How location-based analytics help retailers boost store traffic
The online functions of retailers have increased drastically as more and more consumers are choosing to browse and shop through digital platforms instead of physically going in-store. There is certainly an undeniable convenience with this method of shopping and traditional experiences are being perceived as troublesome, time-consuming and a waste of effort in response to these resources. There is a clear need for new strategies to encourage physical customer engagement with retailers in response to the growing shift to online.
Bricks-and-mortar retailers must innovate their marketing strategy to encourage foot traffic, and utilising location-based analytics is key to achieving this, by bridging shoppers’ online and offline experiences. Online retailers have proven overwhelmingly favourable as consumers are recognising the benefits of the online shopping experience, including the ease of comparison between deals, greater variety, lack of timeliness and above all, unparalleled convenience.
The convenience of the pre-purchase stage is a major factor that is responsible for the growing shift to online shopping. According to a recent Nielsen study, 53 per cent of consumers opt to compare prices of similar items before buying and 44 per cent search for coupons and deals. Shoppers want best value with ease. With the integration of built-in location intelligence in mobile apps, users can be notified of personalised offers from their favourite retailers in real time as they move and is thus a viable solution to a seamless integration of the online and offline experience.
Apps like Stocard are utilising these omnichannel retail experiences to revolutionise retail advertising with location-enriched data. Consumers are notified of their preferred retailer in the immediate vicinity based on their shopping preferences and location, offering a personalised shopping experience through their smartphone. Location-based intelligence delivers great insights into consumer purchase behaviour and subsequently boost store visits, foot traffic and basket size. An optimised value exchange is put in place to support the existing relationship between the customer and retailer.
Data collected from these interactions are extremely valuable for businesses as well. Retailers are able to determine which actions are high-achieving or under-performing, establishing metrics to identify key actions that drive in-store sales. An enhanced customer experience is delivered through users’ mobile devices by understanding how their customers respond to certain information. A Google study showed that shoppers who frequently engage with their devices while browsing are likely to spend 25 per cent more in-store than those who occasionally use their phones, making it worthwhile for businesses to invest in marketing strategies via mobile devices.
As location-driven data is integrated into retailers’ marketing strategies, there is a strong focus on creating new in-store experiences for customers. Strategies of added value and convenience will continue to shape consumer shopping experiences.
Here are four tips on how to boost foot traffic in-store in response to online competition:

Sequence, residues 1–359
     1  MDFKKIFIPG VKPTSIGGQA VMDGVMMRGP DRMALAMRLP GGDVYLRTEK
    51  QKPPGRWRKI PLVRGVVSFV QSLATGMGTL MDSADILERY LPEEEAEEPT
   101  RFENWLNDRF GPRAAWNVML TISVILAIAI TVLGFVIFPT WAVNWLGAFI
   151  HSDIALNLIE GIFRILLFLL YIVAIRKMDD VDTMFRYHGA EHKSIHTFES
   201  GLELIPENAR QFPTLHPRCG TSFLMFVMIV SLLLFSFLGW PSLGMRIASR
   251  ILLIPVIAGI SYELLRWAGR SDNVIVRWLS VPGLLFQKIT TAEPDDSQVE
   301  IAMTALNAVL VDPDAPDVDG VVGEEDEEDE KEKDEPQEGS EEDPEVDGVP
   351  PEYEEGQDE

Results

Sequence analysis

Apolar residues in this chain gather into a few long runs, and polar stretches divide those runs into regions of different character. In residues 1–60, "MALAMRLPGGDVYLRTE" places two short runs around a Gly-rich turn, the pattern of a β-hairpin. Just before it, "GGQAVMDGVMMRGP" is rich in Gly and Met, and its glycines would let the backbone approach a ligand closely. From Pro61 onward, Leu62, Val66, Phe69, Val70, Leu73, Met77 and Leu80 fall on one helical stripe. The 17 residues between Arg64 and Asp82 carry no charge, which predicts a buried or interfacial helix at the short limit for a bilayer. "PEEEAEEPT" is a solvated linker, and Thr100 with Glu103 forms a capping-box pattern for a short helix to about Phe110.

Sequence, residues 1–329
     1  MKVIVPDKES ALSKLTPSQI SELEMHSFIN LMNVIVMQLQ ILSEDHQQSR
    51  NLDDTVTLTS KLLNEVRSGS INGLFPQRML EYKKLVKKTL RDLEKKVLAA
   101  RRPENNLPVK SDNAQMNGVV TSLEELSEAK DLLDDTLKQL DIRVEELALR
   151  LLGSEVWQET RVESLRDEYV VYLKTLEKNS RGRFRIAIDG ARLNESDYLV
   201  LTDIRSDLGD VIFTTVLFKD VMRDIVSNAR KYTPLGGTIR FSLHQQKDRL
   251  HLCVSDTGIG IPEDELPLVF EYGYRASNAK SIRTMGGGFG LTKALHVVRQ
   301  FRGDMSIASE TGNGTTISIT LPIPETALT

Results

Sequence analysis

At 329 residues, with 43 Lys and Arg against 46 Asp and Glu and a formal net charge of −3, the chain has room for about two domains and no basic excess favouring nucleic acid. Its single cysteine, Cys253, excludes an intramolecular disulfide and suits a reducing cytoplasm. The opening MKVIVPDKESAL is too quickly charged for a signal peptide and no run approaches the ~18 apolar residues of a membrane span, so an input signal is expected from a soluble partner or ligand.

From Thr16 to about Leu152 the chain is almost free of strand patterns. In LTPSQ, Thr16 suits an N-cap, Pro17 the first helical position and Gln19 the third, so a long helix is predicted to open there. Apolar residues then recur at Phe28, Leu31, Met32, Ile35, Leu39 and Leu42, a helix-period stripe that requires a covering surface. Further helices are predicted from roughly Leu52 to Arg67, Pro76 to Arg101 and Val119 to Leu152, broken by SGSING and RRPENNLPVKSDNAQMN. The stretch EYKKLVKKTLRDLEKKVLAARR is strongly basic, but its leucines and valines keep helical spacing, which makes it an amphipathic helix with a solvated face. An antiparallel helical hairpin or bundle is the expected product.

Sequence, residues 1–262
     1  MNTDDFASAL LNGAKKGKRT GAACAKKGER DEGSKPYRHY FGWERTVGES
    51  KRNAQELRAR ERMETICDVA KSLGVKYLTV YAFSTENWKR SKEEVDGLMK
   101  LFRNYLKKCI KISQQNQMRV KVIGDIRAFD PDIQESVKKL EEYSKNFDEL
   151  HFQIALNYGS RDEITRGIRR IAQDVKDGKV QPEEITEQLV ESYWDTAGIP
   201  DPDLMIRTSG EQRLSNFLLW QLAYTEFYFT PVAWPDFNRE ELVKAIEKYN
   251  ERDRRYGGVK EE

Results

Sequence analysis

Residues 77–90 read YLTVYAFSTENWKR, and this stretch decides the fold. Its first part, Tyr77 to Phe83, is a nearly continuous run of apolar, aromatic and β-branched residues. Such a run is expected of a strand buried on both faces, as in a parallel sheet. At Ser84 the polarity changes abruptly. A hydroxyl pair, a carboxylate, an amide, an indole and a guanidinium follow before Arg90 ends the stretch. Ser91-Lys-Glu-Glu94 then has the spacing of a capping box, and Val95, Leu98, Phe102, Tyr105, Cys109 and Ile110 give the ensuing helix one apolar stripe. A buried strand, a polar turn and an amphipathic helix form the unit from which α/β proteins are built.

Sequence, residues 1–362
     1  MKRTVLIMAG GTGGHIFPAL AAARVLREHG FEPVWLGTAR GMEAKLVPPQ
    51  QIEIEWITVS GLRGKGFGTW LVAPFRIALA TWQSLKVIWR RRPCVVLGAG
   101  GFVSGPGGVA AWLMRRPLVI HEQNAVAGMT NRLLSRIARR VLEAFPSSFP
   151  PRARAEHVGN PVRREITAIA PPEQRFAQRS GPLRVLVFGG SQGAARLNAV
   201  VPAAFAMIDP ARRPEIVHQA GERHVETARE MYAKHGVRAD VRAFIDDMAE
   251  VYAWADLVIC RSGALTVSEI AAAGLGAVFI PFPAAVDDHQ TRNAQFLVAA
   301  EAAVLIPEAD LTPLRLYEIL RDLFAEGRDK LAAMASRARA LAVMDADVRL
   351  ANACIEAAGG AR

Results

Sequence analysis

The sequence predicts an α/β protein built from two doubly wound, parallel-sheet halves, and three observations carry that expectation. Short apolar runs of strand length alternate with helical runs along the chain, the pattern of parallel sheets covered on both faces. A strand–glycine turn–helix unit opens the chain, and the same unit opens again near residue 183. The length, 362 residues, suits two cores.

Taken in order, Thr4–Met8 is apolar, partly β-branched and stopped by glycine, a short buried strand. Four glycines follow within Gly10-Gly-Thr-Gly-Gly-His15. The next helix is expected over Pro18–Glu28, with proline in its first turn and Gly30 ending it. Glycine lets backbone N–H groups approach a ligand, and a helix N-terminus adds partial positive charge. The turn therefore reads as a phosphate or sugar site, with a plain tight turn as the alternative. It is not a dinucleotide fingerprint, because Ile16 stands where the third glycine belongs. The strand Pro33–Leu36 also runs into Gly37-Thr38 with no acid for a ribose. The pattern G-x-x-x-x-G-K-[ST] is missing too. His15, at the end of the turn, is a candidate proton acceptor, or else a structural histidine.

1. Invest in data and loyalty programs: Consumer retention and loyalty are effective strategies for maintaining and boosting sustainable sales. It creates a steady flow of revenue and releases the pressure from the continuous need to acquire customers. If you treat your customers well, they will bring friends and family to visit your store.
Loyalty programs are also effective in reaching customers who are more partial to your offering through communication channels such as email. Look to also integrate location-based analytics into your loyalty program via third party apps to offer exclusive deals to nearby, existing customers. This can generate valuable data for your company to understand effective consumer insights and how to conduct the best engagement strategies.
2. Offer click-and-collect: Online shopping has established itself as a preferred method of buying for many, however there are some issues that may arise for customers with this strategy: purchased apparel may not fit and customers will need to make a trip to the physical store if return policy permits, or the customer may not be home for the delivery, prompting a visit to the post office. The click-and-collect option is a solution to these problems – enabling customers to pick up in-store allows them to browse further and increase basket size.
3. Create compelling in-store experiences: Give people a reason to visit your stores and create an engaging and compelling experience. An effective recent example of this is General Pants Co. having a basketball court and vintage arcade in their new Parramatta store – when they opened the store, they saw huge amounts of customers lining up to play basketball, arcade games and of course shop.
4. Boost mobile responsiveness: A study by Google has found that 50 per cent of consumers who conduct online research of local stores will visit it within a day. Therefore, it is imperative to not neglect your mobile store when boosting in-store sales. Invest in user experience design, ensuring it is mobile-friendly, to attract customers and site visits and allow consumers to browse through your products with ease. This will encourage viewers to return by creating a positive consumer-focused impression of your business.
If you’re interested in learning more about how to boost in-store traffic, please contact Radinck Van Vollenhoven at email@example.com.